One of my hobbies is the construction of racing shell models, which has been previously documented on Hear The Boat Sing. In 2019, I decided to model the Vesper Donoratico eight from 1964. As a young oarsman who joined Malta BC in 1965, I remembered the beautiful shells that would daily come out of our neighbor Vesper, being rowed at that time by many of the members of the 1964 crew, including Bill Stowe. They were truly works of art as well as top of the line shells.
In order to construct my model, I conducted extensive research of Donoratico and this shell in particular. I quickly found out that little information existed, and certainly no plans. As I pieced together old photographs and recollections of the surviving crew members, including Stan Cwiklinski, Boyce Budd and Emory Clark, the history of the boat began to take shape as well as its design and construction details. I was able to track down measurements of a similar sectional Donoratico eight in England and found photographs at the River and Rowing Museum in Henley and also one shell in Perth, Australia.
During course of a conversation, someone said, “Oh I think the bow of the boat was at Mystic Seaport”. This was a surprise to me, but Stan Cwiklinski (3 seat in the 1964 crew) confirmed with a picture of him with the bow on display at Mystic. Now the hunt was on, and I contacted Göran Buckhorn, who was working at the Museum and was a NRF volunteer helping with their rowing collection. Göran said he would check in the Watercraft Hall, and indeed, there the bow was tucked away amongst all the other boats. He sent me several photographs of it standing on its base.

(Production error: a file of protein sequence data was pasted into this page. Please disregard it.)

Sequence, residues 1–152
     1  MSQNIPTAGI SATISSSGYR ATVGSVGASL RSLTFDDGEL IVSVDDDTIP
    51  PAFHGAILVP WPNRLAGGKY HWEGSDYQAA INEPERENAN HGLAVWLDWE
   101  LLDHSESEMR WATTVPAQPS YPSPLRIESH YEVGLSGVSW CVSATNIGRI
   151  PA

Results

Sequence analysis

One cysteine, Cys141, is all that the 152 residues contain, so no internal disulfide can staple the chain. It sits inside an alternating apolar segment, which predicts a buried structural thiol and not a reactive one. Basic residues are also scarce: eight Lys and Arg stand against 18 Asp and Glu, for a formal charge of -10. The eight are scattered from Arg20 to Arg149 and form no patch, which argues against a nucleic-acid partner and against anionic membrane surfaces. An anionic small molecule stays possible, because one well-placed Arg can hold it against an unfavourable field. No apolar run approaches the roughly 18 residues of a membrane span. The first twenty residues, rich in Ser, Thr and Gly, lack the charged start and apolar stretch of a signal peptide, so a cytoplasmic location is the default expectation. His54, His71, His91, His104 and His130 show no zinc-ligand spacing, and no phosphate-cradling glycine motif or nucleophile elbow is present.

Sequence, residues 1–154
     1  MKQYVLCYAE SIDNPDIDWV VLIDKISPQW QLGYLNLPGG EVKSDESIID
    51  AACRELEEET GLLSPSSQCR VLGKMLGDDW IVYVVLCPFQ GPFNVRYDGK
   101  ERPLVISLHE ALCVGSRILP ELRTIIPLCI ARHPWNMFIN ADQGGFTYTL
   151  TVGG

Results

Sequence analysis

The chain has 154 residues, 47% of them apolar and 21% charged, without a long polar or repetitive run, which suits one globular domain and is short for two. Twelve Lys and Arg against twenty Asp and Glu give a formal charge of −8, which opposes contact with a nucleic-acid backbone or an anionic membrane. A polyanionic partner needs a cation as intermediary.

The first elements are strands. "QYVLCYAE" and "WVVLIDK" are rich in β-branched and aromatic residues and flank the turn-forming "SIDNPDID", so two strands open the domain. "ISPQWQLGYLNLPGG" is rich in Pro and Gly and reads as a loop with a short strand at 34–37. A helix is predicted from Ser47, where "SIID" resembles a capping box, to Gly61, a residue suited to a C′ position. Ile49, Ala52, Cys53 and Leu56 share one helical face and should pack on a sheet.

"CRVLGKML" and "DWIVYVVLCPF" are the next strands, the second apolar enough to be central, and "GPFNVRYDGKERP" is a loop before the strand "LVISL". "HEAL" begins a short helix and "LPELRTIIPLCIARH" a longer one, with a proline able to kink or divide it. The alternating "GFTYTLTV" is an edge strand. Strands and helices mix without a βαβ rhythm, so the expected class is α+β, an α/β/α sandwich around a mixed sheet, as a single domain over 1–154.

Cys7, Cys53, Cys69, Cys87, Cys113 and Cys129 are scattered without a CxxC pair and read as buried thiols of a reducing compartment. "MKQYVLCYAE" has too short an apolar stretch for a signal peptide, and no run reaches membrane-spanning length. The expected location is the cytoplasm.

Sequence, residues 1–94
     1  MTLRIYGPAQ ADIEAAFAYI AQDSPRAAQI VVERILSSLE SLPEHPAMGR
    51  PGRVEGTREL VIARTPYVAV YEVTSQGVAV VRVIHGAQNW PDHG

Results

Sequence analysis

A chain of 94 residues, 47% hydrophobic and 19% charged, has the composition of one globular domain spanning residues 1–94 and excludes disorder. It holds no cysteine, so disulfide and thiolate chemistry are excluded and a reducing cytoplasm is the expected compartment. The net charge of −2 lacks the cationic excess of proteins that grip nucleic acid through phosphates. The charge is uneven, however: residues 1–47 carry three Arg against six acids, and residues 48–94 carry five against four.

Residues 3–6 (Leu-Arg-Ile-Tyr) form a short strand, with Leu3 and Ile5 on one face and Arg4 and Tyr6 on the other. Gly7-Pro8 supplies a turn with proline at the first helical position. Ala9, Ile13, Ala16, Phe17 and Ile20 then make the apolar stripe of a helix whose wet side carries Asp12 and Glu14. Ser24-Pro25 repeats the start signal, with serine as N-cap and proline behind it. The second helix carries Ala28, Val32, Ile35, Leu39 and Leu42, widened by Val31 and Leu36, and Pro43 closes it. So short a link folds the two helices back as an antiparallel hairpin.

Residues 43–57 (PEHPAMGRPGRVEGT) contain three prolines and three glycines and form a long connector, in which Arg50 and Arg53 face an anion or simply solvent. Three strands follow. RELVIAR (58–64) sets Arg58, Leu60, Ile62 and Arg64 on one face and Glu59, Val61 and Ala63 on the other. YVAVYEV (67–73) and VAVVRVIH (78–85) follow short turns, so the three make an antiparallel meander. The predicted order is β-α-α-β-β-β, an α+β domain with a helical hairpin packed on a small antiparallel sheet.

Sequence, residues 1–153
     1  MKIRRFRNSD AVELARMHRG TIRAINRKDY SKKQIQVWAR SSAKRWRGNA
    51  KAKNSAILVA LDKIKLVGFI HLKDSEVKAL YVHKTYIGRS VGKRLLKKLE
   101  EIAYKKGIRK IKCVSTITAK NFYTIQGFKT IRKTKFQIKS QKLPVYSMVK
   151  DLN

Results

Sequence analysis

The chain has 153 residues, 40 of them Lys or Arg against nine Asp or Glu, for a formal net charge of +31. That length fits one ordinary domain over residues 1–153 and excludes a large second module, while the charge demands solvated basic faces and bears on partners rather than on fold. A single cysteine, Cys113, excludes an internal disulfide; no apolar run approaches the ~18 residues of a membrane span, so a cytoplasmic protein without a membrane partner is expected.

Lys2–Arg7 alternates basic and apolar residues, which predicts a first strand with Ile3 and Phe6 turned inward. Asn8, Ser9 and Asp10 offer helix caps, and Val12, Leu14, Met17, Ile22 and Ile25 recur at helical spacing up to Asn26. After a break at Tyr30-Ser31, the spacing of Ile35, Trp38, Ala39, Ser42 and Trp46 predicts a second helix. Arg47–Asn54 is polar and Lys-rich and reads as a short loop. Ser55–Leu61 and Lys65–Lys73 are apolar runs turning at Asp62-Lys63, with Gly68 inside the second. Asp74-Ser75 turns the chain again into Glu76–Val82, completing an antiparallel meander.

I realized that now I had real information to help construct my model, but I also had an opportunity to see the piece of the boat, and possibly have it returned to Philadelphia. Göran informed me that it still belonged to the National Rowing Foundation. I contacted Bill Miller, who graciously got permission from the NRF to donate it back to Vesper Boat Club, who was totally unaware that this portion of the shell still existed.
I offered to stop by Mystic and pick it up to bring it back to Philadelphia. Then of course, Covid became a reality, and all was put in a state of flux. However, I was able to continue to work on my model with the new information and pictures from Göran, and my other research.
Finally, in the fall of 2020, I was able to pick up the bow section at Mystic Seaport Museum, and with great anxiety placed it on my car and drove it to Philadelphia fearing that if anything might happen to it on the journey, my name would forever be in disdain. I also had the partially completed model inside my car.